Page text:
Coalitions, Institutional Design Choices and Consequences
Edited by Dave Huitema and Sander Meijerink
Chapter 9: Introducing river basin management in a transitional context: a case study about Ukraine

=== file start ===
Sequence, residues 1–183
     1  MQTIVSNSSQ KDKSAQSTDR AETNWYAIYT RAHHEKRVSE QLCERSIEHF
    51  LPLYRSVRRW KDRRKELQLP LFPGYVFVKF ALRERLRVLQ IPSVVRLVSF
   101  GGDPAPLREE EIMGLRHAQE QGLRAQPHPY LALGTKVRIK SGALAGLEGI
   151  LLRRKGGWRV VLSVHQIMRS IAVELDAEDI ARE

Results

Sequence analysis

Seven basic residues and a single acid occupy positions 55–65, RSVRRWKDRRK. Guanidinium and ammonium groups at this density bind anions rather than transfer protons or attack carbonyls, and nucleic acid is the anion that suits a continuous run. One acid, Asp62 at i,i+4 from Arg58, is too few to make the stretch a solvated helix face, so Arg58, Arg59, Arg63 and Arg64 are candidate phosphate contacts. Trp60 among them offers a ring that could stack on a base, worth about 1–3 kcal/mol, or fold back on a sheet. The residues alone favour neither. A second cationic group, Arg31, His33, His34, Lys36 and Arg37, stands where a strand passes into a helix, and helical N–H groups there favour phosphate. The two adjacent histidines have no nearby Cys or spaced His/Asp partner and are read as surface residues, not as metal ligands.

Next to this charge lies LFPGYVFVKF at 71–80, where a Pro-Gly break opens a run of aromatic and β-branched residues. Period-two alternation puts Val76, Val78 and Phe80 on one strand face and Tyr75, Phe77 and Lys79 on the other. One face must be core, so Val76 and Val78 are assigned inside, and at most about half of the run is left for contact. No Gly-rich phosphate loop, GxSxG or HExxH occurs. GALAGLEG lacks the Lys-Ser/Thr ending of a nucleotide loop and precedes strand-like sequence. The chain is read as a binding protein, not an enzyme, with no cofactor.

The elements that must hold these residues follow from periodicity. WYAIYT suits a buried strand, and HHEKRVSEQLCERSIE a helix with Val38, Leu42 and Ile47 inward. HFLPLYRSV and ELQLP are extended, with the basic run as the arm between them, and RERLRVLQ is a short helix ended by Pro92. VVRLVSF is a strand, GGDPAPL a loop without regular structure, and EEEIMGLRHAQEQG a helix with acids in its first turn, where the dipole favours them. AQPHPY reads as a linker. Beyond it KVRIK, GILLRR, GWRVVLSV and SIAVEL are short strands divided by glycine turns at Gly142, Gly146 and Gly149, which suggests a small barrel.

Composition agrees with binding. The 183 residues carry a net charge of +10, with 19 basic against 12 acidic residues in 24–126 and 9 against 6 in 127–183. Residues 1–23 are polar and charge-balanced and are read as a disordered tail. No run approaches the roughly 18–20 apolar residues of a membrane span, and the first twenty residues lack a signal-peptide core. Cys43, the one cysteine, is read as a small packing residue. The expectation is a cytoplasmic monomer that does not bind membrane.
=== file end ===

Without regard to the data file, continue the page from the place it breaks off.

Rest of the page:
Ukraine introduced river basin management at a time when the country was still in a transitional phase, adapting from a socialist economy to a free market economy. The laws and regulations were often found to be wanting in respect of necessary by-laws to implement new rules. This was also the case for river basin management. In many Ukrainian river basins, international actors enhanced the establishment of river basin organisations (RBOs) by setting up river basin specific regulations. The role of different actors, especially international organisations and their influence in setting up a river basin management concept, are the key aspects of consideration in this chapter. Water quality of water bodies across Ukraine is severely compromised: all river basins are classified as polluted or heavily polluted (OECD 2006). The highest impacts result from wastewater from old facilities and infrastructure, and depending on the region in question, from industrial water pollution, fertiliser nutrient run-off from agricultural fields and effluents from the mining industry as well. A change in water quality is evident between the period before and after political independence. After becoming an independent country, many industries collapsed due to structural changes and the impact of this sudden change on water quality was significantly reduced. The same can be said for impacts of agricultural land use (FAO 2005; Stålnacke et al. 2003). During Soviet times, sanitary systems had been installed that were state-of-the-art.
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